Now that we have a reactive measure in place, let’s determine how we can be proactive.  Since we want to help our departments to drive amazing customer experiences as well, our Content Owner should sit down with each department quarterly and determine what is coming up and how the marketing team can play a role. 

You should also sit down with the heads of each department and show them the agile approach to marketing and how the factory works.  Imagine a bunch of kids playing Double Dutch.  If you leave the outside departments out of the loop, they will not know how to effectively jump in.  Once they have seen how it works and a had a few practice rounds, they will know when to jump in and how they can participate.

Finally, there are requests that come in with top priority.  We will handle them in the next section.

The Executive Order

Imagine an early 1980s movie.  A few guys are sitting in a bunker with radar screens all around, when all of a sudden a phone with no buttons on it rings.  A red light starts flashing and the crew looks at each other.  Everyone is thinking, “I hope someone else will answer that.”  Finally, from another room, the most senior officer in the bunker rushes in, grabs the phone and says “Mr. President.”

If you work in a medium-sized company or larger, you have individuals who work in your company that you can get kind of nervous about.  They may over use their authority and make demands that cause unplanned stress.  Maybe the title includes the words Chief and Officer and their car cost more than you make in a year.  Something about them causes your team and your Content Owner to stand a little straighter and take action right away.  However, with a running Sprint, we have a little work to do to make it right.

Here is a list of possible ways you can handle these types of request that have to happen immediately:

  • End the sprint – You can decide to end the Sprint depending on the amount of work being requested.  To do so, document all completed tasks and create new Content Items to represent the remaining work.  Then add the Content Items that represent the new work and reprioritize the backlog.  Plan a Sprint duration based on how long it will take you to complete the requested Content and keep the team effective.  If you know you will have blocking tasks that will cause the team to sit on their hands waiting, put some additional lower priority items on the backlog to cover those days.  The big thing to remember is the VIP items on the board have to ship as soon as possible, so don’t go overboard.  If the request was important enough to end a Sprint over, then someone should be willing to eat some time to make sure it gets done as soon as possible.  Consider multiple Standup Meetings if the tasks are smaller than one day in size.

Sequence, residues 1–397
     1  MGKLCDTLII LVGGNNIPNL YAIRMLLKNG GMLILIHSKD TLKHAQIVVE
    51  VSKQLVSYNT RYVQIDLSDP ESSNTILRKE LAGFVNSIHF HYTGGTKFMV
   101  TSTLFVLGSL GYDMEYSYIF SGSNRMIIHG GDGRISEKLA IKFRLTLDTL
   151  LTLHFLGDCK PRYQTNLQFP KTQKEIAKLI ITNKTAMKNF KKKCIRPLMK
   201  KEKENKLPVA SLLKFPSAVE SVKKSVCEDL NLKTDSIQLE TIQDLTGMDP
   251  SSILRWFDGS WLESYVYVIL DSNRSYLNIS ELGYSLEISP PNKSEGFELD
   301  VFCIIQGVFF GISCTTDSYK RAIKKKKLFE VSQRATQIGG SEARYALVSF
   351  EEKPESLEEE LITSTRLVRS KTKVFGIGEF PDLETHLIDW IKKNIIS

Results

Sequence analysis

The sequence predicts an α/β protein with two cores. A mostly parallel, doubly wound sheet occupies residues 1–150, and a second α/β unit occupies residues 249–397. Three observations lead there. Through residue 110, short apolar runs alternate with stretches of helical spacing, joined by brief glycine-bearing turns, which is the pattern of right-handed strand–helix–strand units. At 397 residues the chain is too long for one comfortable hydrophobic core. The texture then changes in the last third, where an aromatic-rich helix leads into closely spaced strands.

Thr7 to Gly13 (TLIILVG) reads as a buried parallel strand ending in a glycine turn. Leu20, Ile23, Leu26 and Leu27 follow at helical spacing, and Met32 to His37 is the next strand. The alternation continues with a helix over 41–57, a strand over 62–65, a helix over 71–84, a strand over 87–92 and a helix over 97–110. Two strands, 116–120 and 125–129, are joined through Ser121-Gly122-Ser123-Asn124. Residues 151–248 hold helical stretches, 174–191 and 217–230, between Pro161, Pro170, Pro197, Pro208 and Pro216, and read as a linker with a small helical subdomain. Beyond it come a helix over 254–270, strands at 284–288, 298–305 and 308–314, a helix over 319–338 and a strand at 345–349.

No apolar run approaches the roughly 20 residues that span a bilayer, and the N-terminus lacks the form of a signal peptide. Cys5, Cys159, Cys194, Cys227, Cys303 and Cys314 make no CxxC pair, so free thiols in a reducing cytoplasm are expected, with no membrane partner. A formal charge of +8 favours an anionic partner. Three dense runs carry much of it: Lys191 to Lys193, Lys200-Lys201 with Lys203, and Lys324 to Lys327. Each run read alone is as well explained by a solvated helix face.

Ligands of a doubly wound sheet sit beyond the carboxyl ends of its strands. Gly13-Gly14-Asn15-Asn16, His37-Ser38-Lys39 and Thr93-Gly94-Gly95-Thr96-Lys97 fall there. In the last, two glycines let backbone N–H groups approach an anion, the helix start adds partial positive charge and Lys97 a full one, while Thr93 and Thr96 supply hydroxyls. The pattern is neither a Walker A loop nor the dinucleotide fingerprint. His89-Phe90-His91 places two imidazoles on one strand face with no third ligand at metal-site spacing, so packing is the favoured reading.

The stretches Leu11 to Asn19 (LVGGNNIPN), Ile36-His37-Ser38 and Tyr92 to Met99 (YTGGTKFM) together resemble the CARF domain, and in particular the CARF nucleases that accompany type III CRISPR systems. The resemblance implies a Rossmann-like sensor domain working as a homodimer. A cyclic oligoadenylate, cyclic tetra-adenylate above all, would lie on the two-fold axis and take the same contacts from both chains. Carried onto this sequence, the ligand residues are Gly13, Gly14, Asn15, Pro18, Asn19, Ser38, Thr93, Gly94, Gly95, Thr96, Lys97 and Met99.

• Hit the pause button – Most of the modern Agile software tools will allow for multiple Sprints to be ran at the same time.  Plan a new Sprint with the item and assign the appropriate members of the team to the Sprint.  Calculate the additional time you will need to add to complete the original Sprint and add it to the end.  If you only need a few members to work on the pressing item, then leave the others to keep working on the original Sprint.  Once the additional Sprint has been demoed and published, the members of that team can roll back on to the original Sprint and complete it as originally planned. 
  • Hold back time in planning for outside use – Like the efficiency factor, you can create another factor of time that is held aside from each Sprint for the entire team or just a few members.  This time is pulled out of planning and will be used to handle incoming high priority requests.  Until you get that number dialed in, you might end most of your Sprints early.  There is a cost to the extra planning required to plan so make sure you adapt as needed.
  • Take one for the team – Finally, these requests can be so frequent that it makes sense to keep one or more team members out of the planning and “on call” for these requests.  Give them a separate board, but remove the time constraints that come along with Sprint.  Agile solutions like Kanban use buckets to manage workload rather than time boxes, so they work great for ad hoc environments.  Make sure you give them a cool name like firefighter or SWAT team and rotate other members into this role to ensure everyone gets as much time at a sustainable pace as possible.